Recently I have heard much in the way of what I would classify as "misinformation" regarding the readiness of youth players to learn tactical concepts like switching play. Switching play as a tactical concept ultimately comes down to recognizing space and making decisions based on that spatial awareness. Switching play doesn't mean crossing a long-ball forty/fifty yards from one side of the field to the other. It is about recognizing the space to see the opportunity of when space is condensed, versus when space is available and what to do in both of those situations. It is therefore an essential concept that can be taught to players of just about any age. Here is a session plan and key coaching points to match, all about spatial awareness and switching play!
Despite losing by a horrific 5-1 scoreline to VFB Stuttgart, Lucien Favre's sacking from the helm of Borussia Dortmund came at a strange time, with the club topping their UEFA Champions League group and no new manager in sight. Assistant coach Edin Terzic was given the interim role and unfortunately for the Black & Yellows, things could not have gotten off to a rockier start under the German coach. Terzic won just six of his opening thirteen matches in charge, forcing Dortmund into a difficult situation heading into the final third of the season with so much work to do in the quest to reclaim a place in the UEFA Champions League for next season. But after switching formations against Sevilla, Dortmund have found form again and have now won three on the spin, against big-hitters Sevilla, arch-nemeses Schalke 04, and relatively small-hitters Arminia Bielefield, who troubled Bayern Munich just weeks before. This recent run of form has culminated at the same time as two key decisions - Terzic's formational change away from the 4-2-3-1, and the announcement of Marco Rose as the club's future manager. The announcement gave Dortmund a massive lift and allowed them to regain confidence and focus. But Terzic and co also deserve some credit for the team's recent performances, posing some smart tactical tweaks along the way. Here is a tactical analysis of Edin Terzic's Borussia Dortmund, and whether or not they can make the top four this season.
After missing out on Champions League football on the final day of the 2019-20 season, many might have thought Leicester City's early season form of last year might just have been a stroke of good fortune and nothing more. But their stellar play has continued at the start of 2020-21 and other than a few disappointing losses to West Ham and Aston Villa, the Foxes have been flying high to start this campaign. After eight matches, Brendan Rodgers' side sit top of the table, with six wins so far. Significantly, they've experimented with different formations and a host of different, less luxurious players in the absence of talents like Ricardo Pereira, Wilfred Ndidi, James Maddison and of course Ben Chilwell, who left for Chelsea. Their impressive form after missing out on Champions League football last year definitely deserves further examination, so here is our early season tactical analysis of Brendan Rodgers' Leicester City in 2020-21.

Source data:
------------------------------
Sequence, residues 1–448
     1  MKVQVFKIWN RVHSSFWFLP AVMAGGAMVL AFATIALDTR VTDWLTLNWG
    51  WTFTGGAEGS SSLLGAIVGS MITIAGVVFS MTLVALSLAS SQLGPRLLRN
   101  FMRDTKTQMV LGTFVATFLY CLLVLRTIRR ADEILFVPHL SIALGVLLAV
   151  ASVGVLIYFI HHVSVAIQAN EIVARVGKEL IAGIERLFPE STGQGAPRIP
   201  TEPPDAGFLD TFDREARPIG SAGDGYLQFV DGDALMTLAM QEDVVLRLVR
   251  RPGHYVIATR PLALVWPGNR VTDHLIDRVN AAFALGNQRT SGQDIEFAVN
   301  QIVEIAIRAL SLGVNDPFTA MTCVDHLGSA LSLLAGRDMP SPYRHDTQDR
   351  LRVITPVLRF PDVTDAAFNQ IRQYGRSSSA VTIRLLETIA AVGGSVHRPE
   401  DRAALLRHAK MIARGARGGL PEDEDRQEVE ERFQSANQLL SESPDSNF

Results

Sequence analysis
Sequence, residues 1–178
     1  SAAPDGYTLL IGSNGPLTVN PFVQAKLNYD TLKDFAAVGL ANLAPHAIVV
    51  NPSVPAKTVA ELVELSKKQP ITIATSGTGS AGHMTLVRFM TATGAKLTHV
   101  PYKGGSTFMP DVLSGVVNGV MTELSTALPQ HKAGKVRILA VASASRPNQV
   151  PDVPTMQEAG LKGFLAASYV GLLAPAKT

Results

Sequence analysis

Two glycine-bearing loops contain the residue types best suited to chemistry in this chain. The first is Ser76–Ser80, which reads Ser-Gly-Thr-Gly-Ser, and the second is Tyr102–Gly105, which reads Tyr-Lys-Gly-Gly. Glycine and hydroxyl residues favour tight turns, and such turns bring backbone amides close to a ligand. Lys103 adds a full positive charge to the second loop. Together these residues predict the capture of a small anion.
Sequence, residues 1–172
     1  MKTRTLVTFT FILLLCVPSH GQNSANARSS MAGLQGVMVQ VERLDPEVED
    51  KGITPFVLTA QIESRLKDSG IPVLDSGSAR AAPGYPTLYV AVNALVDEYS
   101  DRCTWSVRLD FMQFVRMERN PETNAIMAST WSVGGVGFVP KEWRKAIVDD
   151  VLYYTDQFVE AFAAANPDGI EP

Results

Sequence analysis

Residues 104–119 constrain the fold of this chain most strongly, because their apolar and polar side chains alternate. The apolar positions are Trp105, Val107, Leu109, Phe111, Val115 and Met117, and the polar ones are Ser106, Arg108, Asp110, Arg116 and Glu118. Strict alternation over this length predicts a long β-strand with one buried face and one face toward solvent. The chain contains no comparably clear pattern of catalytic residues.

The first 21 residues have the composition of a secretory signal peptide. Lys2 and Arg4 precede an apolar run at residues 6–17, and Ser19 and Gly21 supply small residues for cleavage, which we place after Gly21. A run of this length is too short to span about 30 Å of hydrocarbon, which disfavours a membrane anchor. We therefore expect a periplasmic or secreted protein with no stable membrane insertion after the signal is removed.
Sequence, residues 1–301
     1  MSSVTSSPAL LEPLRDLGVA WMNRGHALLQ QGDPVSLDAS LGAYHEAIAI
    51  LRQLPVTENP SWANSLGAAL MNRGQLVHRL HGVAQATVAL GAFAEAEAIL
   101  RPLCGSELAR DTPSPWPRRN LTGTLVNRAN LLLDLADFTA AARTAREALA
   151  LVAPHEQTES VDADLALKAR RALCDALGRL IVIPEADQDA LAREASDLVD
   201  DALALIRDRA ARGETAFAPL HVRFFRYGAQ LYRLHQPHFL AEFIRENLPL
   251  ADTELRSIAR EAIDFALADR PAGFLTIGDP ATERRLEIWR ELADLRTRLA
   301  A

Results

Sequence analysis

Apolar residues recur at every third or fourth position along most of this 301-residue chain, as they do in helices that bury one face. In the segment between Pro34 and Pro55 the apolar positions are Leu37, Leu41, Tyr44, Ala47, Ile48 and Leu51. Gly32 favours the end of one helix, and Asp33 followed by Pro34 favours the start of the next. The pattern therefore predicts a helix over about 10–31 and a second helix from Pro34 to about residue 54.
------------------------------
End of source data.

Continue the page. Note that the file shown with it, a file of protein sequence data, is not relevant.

Many young and inexperienced players have the bad habit of kicking the ball away without looking. Sometimes it comes off, but most of the time these players are only playing into the hands of their opposition, as the opposition recovers the ball without having to do any defending. Players of any age need to learn … Continue reading Playing Forwards vs. Backwards – Session Plan & Coaching Points
Many young and inexperienced players have the bad habit of kicking the ball away without looking. Sometimes it comes off, but most of the time these players are only playing into the hands of their opposition, as the opposition recovers the ball without having to do any defending. Players of any age need to learn … Continue reading Progressive Possession – Full Session Plan & Key Coaching Points
Although they should be considered completely different topics, coaches often link passing and moving together as items that need to be improved together. As every youth coach of ages 4-10 has found out, players in the initial stages of their soccer development often have trouble "spreading out" and understanding basic concepts of passing and moving. So with that, here is a session plan from The Mastermind Site all about passing and moving for ages 6-10!
All of the best professional clubs in the world have some clearly defined method of combination play in the final-third of the pitch. Although our youth teams might never be able to achieve the attacking flair of Borussia Dortmund or Liverpool, working hard on the training ground on Combination Play can still be tremendously helpful in the quest for greater attacking prowess.